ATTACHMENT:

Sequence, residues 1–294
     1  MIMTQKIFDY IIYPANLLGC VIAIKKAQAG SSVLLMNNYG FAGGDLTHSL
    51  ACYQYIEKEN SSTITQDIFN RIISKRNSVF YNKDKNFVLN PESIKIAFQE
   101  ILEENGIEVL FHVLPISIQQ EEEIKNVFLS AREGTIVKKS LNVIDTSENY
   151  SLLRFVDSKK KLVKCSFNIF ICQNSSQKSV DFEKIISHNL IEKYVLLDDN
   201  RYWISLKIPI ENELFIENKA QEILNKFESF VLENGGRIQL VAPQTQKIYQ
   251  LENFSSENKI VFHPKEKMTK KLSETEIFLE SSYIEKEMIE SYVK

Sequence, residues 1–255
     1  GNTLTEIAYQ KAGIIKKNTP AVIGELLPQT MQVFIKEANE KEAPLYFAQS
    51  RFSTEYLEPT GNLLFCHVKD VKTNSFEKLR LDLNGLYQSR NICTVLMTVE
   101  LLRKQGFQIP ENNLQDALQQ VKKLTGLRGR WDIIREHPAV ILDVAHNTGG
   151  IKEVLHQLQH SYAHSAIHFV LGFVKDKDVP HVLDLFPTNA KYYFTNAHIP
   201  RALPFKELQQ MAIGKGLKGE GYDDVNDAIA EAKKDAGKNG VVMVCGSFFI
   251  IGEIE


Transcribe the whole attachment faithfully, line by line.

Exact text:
Sequence, residues 1–294
     1  MIMTQKIFDY IIYPANLLGC VIAIKKAQAG SSVLLMNNYG FAGGDLTHSL
    51  ACYQYIEKEN SSTITQDIFN RIISKRNSVF YNKDKNFVLN PESIKIAFQE
   101  ILEENGIEVL FHVLPISIQQ EEEIKNVFLS AREGTIVKKS LNVIDTSENY
   151  SLLRFVDSKK KLVKCSFNIF ICQNSSQKSV DFEKIISHNL IEKYVLLDDN
   201  RYWISLKIPI ENELFIENKA QEILNKFESF VLENGGRIQL VAPQTQKIYQ
   251  LENFSSENKI VFHPKEKMTK KLSETEIFLE SSYIEKEMIE SYVK

Sequence, residues 1–255
     1  GNTLTEIAYQ KAGIIKKNTP AVIGELLPQT MQVFIKEANE KEAPLYFAQS
    51  RFSTEYLEPT GNLLFCHVKD VKTNSFEKLR LDLNGLYQSR NICTVLMTVE
   101  LLRKQGFQIP ENNLQDALQQ VKKLTGLRGR WDIIREHPAV ILDVAHNTGG
   151  IKEVLHQLQH SYAHSAIHFV LGFVKDKDVP HVLDLFPTNA KYYFTNAHIP
   201  RALPFKELQQ MAIGKGLKGE GYDDVNDAIA EAKKDAGKNG VVMVCGSFFI
   251  IGEIE